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Sabres Need to Win Games, Not Votes

by on November 10, 2009

Can we watch hockey without getting a political lecture?  Please?  Apparently, the answer is “Nope” regardless of how poorly the two subjects go together.  The Buffalo Sabres aired a packaged segment during the first intermission of Saturday’s game based upon the suspicious notion that we have reason to hope for an end to the never-ending Canal Side project.  According to the producers, we have an elected official to thank:

Congressman Brian Higgins has been instrumental in securing federal funds for the project.

It was nice of everyone across the nation to pay for Buffalo’s waterfront rehabilitation.  The report didn’t mention how some feel that trying to get more money than we send to Washington is a game where everyone loses.  But intermission only lasts so long.  Besides, they needed to give Higgins time to present his fascinating worldview on economics:

The fundamentals of economic development is to import new wealth into the community that isn’t ordinarily here.

It used to be that economies developed by letting people open companies, work, invest, and engage in voluntarily transactions.  But Higgins would have to trust his constituents enough to let them make their own money and by extension improve this area’s quality of life without his aid.  That’s apparently why he’s intervening: you didn’t think you could get by without federal help, did you?  While it’s not shocking that he’s so ignorant of basic commercial tenets, it’s refreshing to hear him admit it so candidly.

 

What’s more irritating is the Sabres’ active support for the plan.  Like everyone else in the area, they’d like to see more development near the team’s home.  But the franchise is a little too eager about endorsing the particulars.  Of course, Sabres managing partner Larry Quinn just happens to have thrown money at Higgins before, so such flattering coverage might not be coincidental.  Quinn is also similarly unenthusiastic about free markets.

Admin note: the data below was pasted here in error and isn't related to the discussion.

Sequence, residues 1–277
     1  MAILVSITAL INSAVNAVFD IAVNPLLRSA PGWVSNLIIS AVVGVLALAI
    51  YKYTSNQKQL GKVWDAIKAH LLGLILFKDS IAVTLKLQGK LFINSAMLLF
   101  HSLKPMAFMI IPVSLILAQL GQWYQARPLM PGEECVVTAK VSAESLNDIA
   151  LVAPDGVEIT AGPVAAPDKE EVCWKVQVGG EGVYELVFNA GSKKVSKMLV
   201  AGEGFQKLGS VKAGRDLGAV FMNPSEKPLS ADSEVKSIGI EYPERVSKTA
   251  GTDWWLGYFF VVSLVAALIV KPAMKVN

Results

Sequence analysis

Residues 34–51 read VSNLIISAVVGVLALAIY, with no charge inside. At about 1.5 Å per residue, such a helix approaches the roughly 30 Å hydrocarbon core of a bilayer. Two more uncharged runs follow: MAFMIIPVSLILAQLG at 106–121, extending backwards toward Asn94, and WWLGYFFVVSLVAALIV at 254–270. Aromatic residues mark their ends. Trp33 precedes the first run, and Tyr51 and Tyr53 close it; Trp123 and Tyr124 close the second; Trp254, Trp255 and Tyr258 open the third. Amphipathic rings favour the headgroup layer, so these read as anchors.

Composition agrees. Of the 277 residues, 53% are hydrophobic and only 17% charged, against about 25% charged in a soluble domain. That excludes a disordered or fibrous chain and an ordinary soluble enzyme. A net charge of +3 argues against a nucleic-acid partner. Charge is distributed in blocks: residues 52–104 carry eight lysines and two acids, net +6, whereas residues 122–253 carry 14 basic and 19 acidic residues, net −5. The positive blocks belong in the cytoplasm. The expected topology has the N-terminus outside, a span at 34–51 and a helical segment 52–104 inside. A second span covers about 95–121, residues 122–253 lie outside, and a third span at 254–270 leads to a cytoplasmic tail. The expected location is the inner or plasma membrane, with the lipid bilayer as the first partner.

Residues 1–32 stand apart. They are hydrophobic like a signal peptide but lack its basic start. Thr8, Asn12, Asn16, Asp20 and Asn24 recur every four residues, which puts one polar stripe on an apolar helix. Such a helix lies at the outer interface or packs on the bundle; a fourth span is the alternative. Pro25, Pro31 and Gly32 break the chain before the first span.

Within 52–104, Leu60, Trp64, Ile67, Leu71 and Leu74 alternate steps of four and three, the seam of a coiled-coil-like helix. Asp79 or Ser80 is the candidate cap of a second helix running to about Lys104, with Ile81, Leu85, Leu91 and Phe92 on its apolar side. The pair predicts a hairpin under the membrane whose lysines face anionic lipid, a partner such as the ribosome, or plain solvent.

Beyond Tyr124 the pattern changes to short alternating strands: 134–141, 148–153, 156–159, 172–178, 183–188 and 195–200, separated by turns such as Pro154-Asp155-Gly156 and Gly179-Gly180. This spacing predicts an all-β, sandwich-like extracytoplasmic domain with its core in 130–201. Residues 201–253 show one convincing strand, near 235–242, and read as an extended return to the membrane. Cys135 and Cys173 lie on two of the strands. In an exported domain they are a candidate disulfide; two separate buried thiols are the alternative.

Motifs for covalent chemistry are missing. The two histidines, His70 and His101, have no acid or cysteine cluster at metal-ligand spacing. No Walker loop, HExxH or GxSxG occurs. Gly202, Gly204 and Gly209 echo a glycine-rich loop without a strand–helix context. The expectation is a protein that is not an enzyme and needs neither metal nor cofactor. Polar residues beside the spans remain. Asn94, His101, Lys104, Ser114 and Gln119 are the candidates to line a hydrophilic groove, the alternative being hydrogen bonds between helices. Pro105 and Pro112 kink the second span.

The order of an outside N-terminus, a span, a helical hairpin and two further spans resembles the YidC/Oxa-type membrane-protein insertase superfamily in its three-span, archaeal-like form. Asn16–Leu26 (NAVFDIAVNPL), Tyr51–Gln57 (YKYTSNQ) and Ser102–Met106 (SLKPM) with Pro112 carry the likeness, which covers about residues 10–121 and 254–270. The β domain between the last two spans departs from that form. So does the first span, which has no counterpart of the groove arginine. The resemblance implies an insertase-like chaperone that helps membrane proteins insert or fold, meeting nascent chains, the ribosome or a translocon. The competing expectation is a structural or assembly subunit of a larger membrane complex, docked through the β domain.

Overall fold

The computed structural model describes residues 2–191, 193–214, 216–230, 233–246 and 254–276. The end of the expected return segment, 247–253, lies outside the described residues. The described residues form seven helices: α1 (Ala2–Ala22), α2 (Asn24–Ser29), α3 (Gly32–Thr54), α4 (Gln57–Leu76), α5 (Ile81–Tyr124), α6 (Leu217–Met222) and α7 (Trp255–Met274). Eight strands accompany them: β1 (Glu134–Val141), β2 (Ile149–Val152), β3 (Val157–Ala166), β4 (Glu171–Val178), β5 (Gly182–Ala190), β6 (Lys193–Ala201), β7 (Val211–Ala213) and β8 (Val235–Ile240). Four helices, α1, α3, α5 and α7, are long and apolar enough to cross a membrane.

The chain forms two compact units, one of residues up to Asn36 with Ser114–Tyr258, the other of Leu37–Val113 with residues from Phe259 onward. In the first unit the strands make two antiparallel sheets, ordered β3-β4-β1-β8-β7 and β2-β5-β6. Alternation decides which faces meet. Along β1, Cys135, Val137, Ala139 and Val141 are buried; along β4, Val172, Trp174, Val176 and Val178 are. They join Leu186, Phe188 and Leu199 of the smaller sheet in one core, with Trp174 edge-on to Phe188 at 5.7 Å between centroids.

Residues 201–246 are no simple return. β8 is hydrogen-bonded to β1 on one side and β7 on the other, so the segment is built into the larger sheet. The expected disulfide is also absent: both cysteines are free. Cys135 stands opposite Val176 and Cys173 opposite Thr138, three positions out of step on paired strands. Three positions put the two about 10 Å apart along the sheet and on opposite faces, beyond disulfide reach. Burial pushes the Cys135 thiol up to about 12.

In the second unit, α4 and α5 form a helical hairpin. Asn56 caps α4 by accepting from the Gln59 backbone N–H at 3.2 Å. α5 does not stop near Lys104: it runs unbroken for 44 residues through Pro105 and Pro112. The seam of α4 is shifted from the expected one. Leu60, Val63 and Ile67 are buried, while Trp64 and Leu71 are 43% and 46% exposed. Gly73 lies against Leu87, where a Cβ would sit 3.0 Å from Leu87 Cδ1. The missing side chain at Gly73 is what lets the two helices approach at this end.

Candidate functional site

It’s little wonder they’re working together.  Both Quinn and Higgins are inept doofuses who are reviled by many of those whom they supposedly represent, whether they bleed blue and gold or live in NY-27, respectively.  As with life in Higgins’s district, any success the Sabres enjoy comes despite Quinn’s oafish efforts.  The Skyway remaining standing is the equivalent of Pat LaFontaine and Chris Drury leaving.

 

Worst, Higgins was the last person some of us wanted to see on Saturday evening.  Some political junkies were trying to escape the gloomy drudgery of tracking Washington’s efforts to put Washington in charge of our health.  Instead of switching to hockey and getting a respite from House members embracing boundless spending, we inadvertently found ourselves enduring a spend-happy political lecture during a Sabres/Bruins game break.  We may as well have stuck with C-SPAN.

 

It’s always frustrating to be told that the government spending our money will fix our problems.  But it’s additionally inappropriate to hear it while waiting for the second period, especially if it cuts into the amount of time devoted to Mike Robitaille amusingly jousting with Rob Ray.  Instead of doing public relations work for Higgins or bragging about how much sales tax revenue the project will allegedly generate, the Sabres should be working to ensure that being outplayed in consecutive games is an aberration, not a trend.

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